As the world’s largest coffee producer, café scenes have become an integral part of Brazilian culture and landscape, as has its unique style of music, blending samba, Portuguese, bossa nova, Spanish and jazz into a unique indigenous blend. According to popular legend, Brazilian songwriters Carlos Jobim and Vinicius de Moraes were sitting in one of their favorite cafés in Ipanema, a fashionable district of Rio de Janeiro, watching all the pretty women walk by, especially the knockout from the neighborhood, Helo Pinheiro. Their ode to her has become a timeless, internationally recognized song, “The Girl from Ipanema”.
I have already mightily extolled the virtues of the Putumayo label in previous editions of this column, so I will simply cut to the chase this time. Lately, they have been growing thematic titles, with their “lounge” and “groove” compilation albums from different regions of the world. The best of each of these, I believe, have been the “Brazilian Lounge” and “Brazilian Groove” CDs. Ditto, the “Acoustic Brasil”. Putumayo’s new vein has been a café series. I have heard the French and Cuba café albums and I like them, but I’ve been anticipating the Brazilian Café CD and last week, Putumayo released it in Costa Rica.
This collection of twelve songs is diverse and as with the other Putumayo Brazilian CDs, I think that with few exceptions the female vocalists best portray the sensuous side of Brazilian music. The Teresa Cristina offering, “Para Nao Contrariar Voce”, with her three piece band Grupo Semente, is a good example. Originally a manicurist and cosmetic salesperson, Teresa broke onto the Rio club scene at the age of twenty-six and never looked back. The song selected is one from the legendary samba singer/composer Paulinho Da Viola, a great choice, as the torch is passed to the next generation of Brazilian torch singers. Another great cut on this disc is the live track of “Feliz e Triste” by Ceumar, whose father was a well-known Brazilian singer, too. Ceumar’s pristine voice shines through on this acoustic bossa nova number.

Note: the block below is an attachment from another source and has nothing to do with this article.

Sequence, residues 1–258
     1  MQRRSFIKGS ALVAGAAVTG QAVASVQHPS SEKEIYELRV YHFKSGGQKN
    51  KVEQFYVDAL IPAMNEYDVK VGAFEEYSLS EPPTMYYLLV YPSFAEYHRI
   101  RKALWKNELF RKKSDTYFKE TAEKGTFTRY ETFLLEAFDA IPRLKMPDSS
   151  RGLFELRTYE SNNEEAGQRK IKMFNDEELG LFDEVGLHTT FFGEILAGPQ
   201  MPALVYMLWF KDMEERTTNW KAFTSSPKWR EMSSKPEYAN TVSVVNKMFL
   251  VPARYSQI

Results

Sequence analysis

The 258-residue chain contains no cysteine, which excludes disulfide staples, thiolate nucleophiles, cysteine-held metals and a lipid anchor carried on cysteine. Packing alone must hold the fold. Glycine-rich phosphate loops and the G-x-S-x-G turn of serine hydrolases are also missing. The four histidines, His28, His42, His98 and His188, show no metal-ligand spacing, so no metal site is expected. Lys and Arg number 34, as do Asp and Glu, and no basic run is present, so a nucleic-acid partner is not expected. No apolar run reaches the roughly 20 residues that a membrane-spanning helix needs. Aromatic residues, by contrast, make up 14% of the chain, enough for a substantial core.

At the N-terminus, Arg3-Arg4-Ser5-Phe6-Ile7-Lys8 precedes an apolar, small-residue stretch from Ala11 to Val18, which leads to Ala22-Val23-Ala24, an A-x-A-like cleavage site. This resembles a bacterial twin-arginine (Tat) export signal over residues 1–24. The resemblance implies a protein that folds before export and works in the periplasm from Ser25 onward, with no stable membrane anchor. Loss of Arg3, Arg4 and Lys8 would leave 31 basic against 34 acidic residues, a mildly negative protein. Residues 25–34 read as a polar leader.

Rosa Passo’s contribution “Pequena Musica Nocturna” is another standout. Passos is also from a musical family and has performed with Yo Yo Ma, Ron Carter and Paquito D’Rivera, to name a few artists. In addition, Marcia Salomon contributes her rendition of “Quando o Carnaval Chegar”, by famed singer composer Chico Baurque, with her own stamp of style on the song. My personal favorite project on the disc is “Arranco de Varsovia” by the Brazilian samba band Forca da Imaginacao, formed by pianist Arranco de Varsovia. The band specializes in updating classic samba songs while putting their own spin on them at the same time. It’s a statement about the all-encompassing modernization and face lifts currently going on throughout Brazil, in lieu of hosting the upcoming World Cup there.
All the Brazilian music on the Putumayo label that has been mentioned in this article can be purchased at the Jaime Peligro book stores in Playa Tamarindo, Nuevo Arenal and Quepos, where they will gladly sample the music for their customers. All comments concerning this article are welcome.